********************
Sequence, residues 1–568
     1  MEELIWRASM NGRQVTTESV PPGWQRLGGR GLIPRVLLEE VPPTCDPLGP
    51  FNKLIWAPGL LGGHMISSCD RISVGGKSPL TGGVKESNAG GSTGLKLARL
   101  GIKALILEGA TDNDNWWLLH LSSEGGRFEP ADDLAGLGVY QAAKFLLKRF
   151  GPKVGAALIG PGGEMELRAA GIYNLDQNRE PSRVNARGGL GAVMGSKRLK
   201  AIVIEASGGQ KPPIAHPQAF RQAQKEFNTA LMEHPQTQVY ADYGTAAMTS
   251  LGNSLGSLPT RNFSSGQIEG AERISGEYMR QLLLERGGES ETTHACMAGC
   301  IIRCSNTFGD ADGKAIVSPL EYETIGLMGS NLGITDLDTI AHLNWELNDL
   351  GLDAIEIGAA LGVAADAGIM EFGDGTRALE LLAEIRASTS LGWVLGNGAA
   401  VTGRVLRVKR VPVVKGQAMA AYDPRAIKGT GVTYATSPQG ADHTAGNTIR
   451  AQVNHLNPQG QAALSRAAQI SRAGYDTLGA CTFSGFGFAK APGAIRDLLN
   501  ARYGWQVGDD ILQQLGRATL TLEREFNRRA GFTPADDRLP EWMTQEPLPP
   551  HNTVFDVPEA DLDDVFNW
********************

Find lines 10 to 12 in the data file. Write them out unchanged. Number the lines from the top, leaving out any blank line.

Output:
   401  VTGRVLRVKR VPVVKGQAMA AYDPRAIKGT GVTYATSPQG ADHTAGNTIR
   451  AQVNHLNPQG QAALSRAAQI SRAGYDTLGA CTFSGFGFAK APGAIRDLLN
   501  ARYGWQVGDD ILQQLGRATL TLEREFNRRA GFTPADDRLP EWMTQEPLPP